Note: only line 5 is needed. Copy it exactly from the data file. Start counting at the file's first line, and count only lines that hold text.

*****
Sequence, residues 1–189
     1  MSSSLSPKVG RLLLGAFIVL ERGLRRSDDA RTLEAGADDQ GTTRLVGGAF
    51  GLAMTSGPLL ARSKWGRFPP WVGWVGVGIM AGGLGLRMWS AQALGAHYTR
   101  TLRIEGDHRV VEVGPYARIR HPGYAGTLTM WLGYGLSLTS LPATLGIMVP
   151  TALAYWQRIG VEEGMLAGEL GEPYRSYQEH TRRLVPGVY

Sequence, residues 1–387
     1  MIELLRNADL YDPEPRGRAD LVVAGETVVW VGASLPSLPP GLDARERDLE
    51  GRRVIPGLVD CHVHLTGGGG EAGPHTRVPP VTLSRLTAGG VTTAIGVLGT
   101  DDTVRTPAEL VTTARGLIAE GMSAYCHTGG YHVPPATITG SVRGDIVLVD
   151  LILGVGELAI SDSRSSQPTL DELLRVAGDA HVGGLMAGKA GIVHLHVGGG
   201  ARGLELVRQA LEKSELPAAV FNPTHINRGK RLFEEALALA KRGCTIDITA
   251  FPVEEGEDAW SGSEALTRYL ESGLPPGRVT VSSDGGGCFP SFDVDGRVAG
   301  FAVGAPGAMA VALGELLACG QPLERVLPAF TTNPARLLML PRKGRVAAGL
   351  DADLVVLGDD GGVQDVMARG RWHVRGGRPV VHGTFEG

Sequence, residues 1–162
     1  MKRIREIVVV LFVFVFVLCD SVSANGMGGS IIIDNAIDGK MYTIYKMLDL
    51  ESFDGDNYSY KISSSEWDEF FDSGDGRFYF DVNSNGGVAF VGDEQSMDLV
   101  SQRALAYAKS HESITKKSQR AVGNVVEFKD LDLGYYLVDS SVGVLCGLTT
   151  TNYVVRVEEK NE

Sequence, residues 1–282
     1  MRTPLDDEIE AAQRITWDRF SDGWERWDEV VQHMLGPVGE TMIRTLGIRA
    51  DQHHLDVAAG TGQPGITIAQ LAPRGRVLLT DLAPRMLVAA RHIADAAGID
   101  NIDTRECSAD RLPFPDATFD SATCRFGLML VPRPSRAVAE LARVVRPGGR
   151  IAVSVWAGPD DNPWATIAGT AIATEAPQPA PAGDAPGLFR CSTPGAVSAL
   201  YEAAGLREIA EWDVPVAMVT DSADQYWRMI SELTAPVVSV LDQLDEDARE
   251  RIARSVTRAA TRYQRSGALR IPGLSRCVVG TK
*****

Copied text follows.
   151  TALAYWQRIG VEEGMLAGEL GEPYRSYQEH TRRLVPGVY